• Please review the updated member agreement. Included is a new statement supporting the scientific method and evidence-based medicine. Claims or statements about disease processes should reference widely accepted scientific resources. Theoretical medical speculation is encouraged as part of the overall scientific process. However, unscientific statements that promote unfounded ideological positions or agendas may be removed.
  • Free admissions webinar for pre-vets! “Apply Smarter” Webinar
Aug 16, 2011
81
0
Status
All the local schools so far from what I have researched only have full time schedules. So how do people who work and have to live on their own go through the program? I will be about 30 by the time I can I apply to the DPT program and really need to live on my own. How is this possible? Any advice?
 
Jul 23, 2011
7
0
Status
Pre-Rehab Sci [General]
What area do you live in? I have heard of only one university that will have a part-time DPT program, and it is the University of St. Augustine in St. Augustine, FL. Their campus in San Diego will also have this part-time program. It is called the "flex" program, and it is part-time and has online courses, too. So if you go to any of these campuses, it will be possible to work, live on your own and go to school to become a DPT. Hope this helps.
 
About the Ads

DPTinFL

7+ Year Member
Jun 28, 2009
109
55
Status
Physical Therapist
Besides the 4 yr FLEX programs in St. Augustine and San Diego (online/weekend labs, tests), there are two more options I am aware of. Nova Southeastern just started a "Hybrid" 4yr program in Tampa, FL that is part time with weekend labs also. In addition, Neumann University in PA has a 3 yr weekend program too. You can work during the week and get your DPT on the weekends!
 
Aug 16, 2011
81
0
Status
Damn.. Don't live anywhere near there (MA). So I guess I need a plan to somehow do the DPT full time once I'm ready. I am going to get my associates to become a PTA soon and I heard they have pretty flexible part time work if needed. I could work full time for a year or more to save up money. Then, I guess I could work part time and just take out tons of loans once into the DPT program??? Or how else do people get through the program? I don't feel like I can live off mostly loans for 3 years can I? My parents thankfully helped me pay for my bachelors degree, however my gpa is too average to apply for the DPT right away. Plus I want to work as a PTA first so I can actually afford to move out of my house, while gaining experience and be a better candidate to get into grad school.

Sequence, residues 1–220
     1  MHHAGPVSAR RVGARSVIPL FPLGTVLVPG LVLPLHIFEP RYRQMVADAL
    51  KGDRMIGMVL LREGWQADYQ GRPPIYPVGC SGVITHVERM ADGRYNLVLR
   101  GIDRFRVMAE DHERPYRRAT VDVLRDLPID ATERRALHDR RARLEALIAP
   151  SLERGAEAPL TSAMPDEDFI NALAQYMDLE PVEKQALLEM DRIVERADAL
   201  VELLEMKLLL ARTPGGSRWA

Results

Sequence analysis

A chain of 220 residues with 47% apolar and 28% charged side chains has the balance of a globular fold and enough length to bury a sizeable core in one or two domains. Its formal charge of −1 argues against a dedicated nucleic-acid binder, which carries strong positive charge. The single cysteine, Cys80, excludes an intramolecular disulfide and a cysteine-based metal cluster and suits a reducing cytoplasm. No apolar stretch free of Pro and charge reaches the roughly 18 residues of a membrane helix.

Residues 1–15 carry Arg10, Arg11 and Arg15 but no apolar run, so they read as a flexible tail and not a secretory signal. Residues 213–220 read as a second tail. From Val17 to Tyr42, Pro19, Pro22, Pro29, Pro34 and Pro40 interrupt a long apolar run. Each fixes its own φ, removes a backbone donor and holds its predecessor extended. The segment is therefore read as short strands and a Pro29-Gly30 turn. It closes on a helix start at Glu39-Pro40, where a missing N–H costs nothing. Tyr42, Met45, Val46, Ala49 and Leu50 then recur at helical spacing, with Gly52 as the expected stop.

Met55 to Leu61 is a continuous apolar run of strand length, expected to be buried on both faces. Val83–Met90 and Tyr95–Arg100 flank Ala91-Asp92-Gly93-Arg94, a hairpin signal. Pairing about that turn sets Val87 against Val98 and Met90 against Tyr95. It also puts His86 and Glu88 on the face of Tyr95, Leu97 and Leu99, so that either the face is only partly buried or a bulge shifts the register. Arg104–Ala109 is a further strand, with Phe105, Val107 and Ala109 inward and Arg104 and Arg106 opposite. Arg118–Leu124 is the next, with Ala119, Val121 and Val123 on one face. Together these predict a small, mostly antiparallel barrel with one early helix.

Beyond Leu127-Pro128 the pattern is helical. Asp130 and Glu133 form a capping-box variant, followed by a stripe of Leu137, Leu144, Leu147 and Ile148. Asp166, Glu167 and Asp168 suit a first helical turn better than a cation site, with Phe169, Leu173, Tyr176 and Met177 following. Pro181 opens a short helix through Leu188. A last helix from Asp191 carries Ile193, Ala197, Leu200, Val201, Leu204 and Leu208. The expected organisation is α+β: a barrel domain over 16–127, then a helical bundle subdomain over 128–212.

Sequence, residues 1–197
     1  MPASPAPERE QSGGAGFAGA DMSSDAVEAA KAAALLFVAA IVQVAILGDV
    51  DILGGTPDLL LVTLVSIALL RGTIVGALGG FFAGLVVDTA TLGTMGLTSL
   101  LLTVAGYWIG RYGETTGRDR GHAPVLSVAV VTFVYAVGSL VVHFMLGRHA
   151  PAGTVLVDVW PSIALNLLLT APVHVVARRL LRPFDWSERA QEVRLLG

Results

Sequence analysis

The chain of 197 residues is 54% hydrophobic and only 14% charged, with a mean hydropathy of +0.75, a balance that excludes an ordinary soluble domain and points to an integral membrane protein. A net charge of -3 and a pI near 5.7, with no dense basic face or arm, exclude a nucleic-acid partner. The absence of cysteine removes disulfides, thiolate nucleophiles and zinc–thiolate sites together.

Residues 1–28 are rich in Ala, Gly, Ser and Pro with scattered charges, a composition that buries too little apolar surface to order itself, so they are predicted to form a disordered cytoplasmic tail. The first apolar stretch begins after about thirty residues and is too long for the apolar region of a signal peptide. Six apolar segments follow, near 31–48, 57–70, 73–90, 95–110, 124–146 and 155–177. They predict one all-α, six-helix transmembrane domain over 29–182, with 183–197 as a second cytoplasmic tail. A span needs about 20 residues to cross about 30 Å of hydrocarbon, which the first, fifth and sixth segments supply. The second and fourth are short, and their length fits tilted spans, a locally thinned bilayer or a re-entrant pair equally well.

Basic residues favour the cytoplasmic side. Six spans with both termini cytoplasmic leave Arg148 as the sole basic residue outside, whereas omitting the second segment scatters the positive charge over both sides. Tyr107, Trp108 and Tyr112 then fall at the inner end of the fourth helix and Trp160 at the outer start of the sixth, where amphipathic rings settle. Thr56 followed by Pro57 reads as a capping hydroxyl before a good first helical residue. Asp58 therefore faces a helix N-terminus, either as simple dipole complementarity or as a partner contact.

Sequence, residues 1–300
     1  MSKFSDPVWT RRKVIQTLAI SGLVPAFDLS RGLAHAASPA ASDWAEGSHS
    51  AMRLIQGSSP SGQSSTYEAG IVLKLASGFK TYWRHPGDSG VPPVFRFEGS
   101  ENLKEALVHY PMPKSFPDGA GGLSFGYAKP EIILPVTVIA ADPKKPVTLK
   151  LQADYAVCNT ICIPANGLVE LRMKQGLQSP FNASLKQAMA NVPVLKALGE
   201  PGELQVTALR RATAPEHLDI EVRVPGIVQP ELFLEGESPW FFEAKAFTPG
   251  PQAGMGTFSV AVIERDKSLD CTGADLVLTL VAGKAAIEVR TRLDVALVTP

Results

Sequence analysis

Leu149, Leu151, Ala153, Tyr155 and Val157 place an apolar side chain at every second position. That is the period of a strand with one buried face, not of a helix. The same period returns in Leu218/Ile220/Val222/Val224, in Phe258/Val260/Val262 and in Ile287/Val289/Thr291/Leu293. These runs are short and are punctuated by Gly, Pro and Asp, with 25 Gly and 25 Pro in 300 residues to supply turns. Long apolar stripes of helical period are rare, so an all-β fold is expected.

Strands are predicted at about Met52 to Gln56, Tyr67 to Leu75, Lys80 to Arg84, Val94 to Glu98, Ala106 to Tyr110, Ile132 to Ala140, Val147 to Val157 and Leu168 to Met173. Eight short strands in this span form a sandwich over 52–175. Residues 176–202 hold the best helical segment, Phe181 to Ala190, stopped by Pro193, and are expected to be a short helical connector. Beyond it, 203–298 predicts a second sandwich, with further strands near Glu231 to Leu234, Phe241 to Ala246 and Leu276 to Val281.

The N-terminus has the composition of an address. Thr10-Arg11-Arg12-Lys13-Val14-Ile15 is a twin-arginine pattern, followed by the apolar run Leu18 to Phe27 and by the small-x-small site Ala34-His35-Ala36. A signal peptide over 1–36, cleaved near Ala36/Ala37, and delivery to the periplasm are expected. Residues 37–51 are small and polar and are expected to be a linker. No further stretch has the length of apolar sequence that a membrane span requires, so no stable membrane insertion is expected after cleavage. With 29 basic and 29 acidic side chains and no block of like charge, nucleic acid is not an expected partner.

DancerFutureDPT

Academic Administrator
Moderator Emeritus
10+ Year Member
Jun 9, 2009
847
18
Chicago suburbs
Status
Academic Administration
Damn.. Don't live anywhere near there (MA). So I guess I need a plan to somehow do the DPT full time once I'm ready. I am going to get my associates to become a PTA soon and I heard they have pretty flexible part time work if needed. I could work full time for a year or more to save up money. Then, I guess I could work part time and just take out tons of loans once into the DPT program??? Or how else do people get through the program? I don't feel like I can live off mostly loans for 3 years can I? My parents thankfully helped me pay for my bachelors degree, however my gpa is too average to apply for the DPT right away. Plus I want to work as a PTA first so I can actually afford to move out of my house, while gaining experience and be a better candidate to get into grad school.